Ongwanada serves as lead agency for the Community Networks of Specialized Care and manages the Transition-Age Youth (TAY) program in the region for youth transitioning from children’s services to adult developmental services. One of the significant challenges in providing these services in the City of Kingston is the lack of affordable and safe housing for our transition-age youth.
Kingston has one of the lowest vacancy rates in Canada which has led to high market rates for rental properties and increased demand for affordable housing. The majority of the individuals that we support rely on ODSP and cannot afford market rents. As a result, many of these individuals often find themselves homeless (relying on shelters or couch surfing with friends or family), living in substandard housing conditions or situations without adequate support.
In addition to the challenge of locating housing, it can be difficult for many of the transition age youth with developmental disabilities to maintain their housing as they lack the necessary skills to do so upon transition to adult developmental services. Youth leaving child welfare or who have complex needs are at risk as a result of their unpreparedness and need for additional support not available through traditional mainstream support.
Experience has shown that youth who transition to independent living without necessary supports and life skills are at increased risk for homelessness, substance abuse and involvement with the criminal justice system.
With the recent acquisition of 3 Cassidy Street from St. Lawrence Youth Association, Ongwanada saw opportunity to develop a new transitional model to better prepare youth for independent living. The Cassidy Street project is one of four affordable housing projects to be approved by the City of Kingston and Canada Mortgage and Housing Corporation for funding through the Rapid Housing Initiative (RHI) which is co-funded by the provincial and federal governments.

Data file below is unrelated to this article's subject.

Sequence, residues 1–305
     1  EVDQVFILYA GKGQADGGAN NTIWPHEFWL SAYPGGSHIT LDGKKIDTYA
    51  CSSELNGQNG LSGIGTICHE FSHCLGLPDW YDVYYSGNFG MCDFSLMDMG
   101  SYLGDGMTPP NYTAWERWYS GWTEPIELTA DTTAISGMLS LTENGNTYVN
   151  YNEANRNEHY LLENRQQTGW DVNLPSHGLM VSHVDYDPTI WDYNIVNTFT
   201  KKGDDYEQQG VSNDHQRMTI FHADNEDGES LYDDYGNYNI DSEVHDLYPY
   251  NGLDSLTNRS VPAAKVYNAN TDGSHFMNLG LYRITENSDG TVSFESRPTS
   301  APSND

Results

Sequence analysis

Cassidy Street will include four transitional housing units (up to two years with exceptions based on individual needs) for youth who aspire to independent living but whose level of complexity indicates a need for additional support to ensure their future success. Support includes 24-hour staffing to provide supervision and education of life skills such as personal hygiene, money management, meal planning and preparation, vocational skills and accessing community supports and services.
In addition, Cassidy Street will house two short-term emergency units (3 months) to support individuals with developmental disabilities at risk of homelessness or who have had placement break-down etc. Another accessible unit will be available for those requiring it.
Occupancy for the new Cassidy Street housing is anticipated for October, 2022.
The City of Kingston will be providing an Affordable Housing Update on Wednesday, find out more here.